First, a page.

This article from the Washington Post makes many of the same points I would make if I had the time, with several good links throughout. The crux of it is this:

Never will you find a serious German politician, let alone one contending for the leadership of the country, insisting in 2015 that the Nazi swastika is “part of who we are.” Nor would you be able to stock up on kitsch, “nostalgic” Nazi memorabilia. There are no vainglorious monuments to Nazi leaders lining German city squares; instead, in the heart of the capital, sits a painful testament to collective guilt and the horrors of the past.

The contrast between this and the way some American states still commemorate Confederate leaders, name roads after Confederate generals and fly Confederate flags could not be more stark.

The White Nerd’s Burden

Call it digital imperialism, perhaps, in that the values are arriving not inside artworks made by others but through a tool that locals can use themselves. As Thailand is discovering, the smartphone — for all its indispensability as a tool of business and practicality — is also a bearer of values; it is not a culturally neutral device.

That may be at least partially true, but it’s also worth remembering that contact zones–whether they’re of the “traditional”, colonial sort or the digital variety–are places where there is a great deal of agency. Technology like smartphones may be bringing values with them, but if they are, it is still the users who embrace those values, however wholeheartedly or (more likely) ambivalently. More to the point, it may also be a tool allowing for the expression of values and the pursuit of agendas that were already present or are only partially a response “outside” influences (a problematic enough binary in a globalized world.)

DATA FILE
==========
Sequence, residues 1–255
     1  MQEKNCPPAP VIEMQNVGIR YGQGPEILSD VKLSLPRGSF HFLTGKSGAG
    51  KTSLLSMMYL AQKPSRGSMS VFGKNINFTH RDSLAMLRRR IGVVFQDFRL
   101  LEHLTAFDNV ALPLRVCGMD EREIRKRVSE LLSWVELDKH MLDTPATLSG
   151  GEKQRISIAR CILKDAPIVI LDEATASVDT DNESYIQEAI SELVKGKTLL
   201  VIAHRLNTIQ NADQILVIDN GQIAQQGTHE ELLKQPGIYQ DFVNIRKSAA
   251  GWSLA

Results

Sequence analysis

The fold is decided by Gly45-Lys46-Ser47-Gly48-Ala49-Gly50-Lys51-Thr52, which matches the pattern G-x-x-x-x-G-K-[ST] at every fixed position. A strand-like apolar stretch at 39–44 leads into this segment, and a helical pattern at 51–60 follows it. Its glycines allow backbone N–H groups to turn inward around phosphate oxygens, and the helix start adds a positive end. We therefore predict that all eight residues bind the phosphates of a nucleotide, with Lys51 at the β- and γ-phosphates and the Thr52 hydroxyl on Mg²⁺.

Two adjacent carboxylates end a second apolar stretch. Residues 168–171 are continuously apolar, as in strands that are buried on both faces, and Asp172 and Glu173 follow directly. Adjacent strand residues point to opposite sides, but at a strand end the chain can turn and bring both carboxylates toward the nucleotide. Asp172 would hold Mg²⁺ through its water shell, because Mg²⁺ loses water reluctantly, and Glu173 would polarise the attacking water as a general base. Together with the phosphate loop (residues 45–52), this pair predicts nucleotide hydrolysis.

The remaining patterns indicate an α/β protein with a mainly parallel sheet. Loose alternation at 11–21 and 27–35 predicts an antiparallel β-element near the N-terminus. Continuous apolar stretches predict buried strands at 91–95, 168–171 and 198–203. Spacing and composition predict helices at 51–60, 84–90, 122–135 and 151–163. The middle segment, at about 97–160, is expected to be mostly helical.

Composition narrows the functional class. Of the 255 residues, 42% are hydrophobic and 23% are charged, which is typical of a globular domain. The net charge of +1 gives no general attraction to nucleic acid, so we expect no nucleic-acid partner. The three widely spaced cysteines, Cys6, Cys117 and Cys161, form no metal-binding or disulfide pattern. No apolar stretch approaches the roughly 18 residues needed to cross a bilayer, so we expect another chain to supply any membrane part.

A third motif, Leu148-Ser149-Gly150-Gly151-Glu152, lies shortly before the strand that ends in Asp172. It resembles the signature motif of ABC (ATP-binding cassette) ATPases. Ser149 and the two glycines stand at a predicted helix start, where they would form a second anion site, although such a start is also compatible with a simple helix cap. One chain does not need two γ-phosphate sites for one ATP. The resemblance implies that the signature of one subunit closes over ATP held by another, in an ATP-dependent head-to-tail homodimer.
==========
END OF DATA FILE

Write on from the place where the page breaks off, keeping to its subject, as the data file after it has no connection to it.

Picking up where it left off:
Without that perspective, this (and several other articles in the issue) fall into the familiar trap of telling us more about the “digital cultural imperialists” (condensed here to Americans or even Silicon Valley) than about those on the other side of the equation.

The problem with the civilizing mission of the nineteenth century was not necessarily a lack sincerity–though it was frequently a pretense. Rather, the “White Man’s Burden” also completely devalued what indigenous peoples created before and after the arrival of westerners. Whether “digital imperialism” produces “a virtuous circle” or not, we’d be wise not to repeat that mistake.

All Rhodes lead to the colonial past

Students at the University of Cape Town in South Africa are protesting the continued presence on campus of a statue of colonialist Cecil Rhodes.

But as a black UCT alumnus who walked past that statue for four years, I think Rhodes should be left exactly where he is. Removing him omits an essential part of the institution’s history that has contributed to everything good, bad and ugly about it – and arguably the country too.
Siya Mnyanda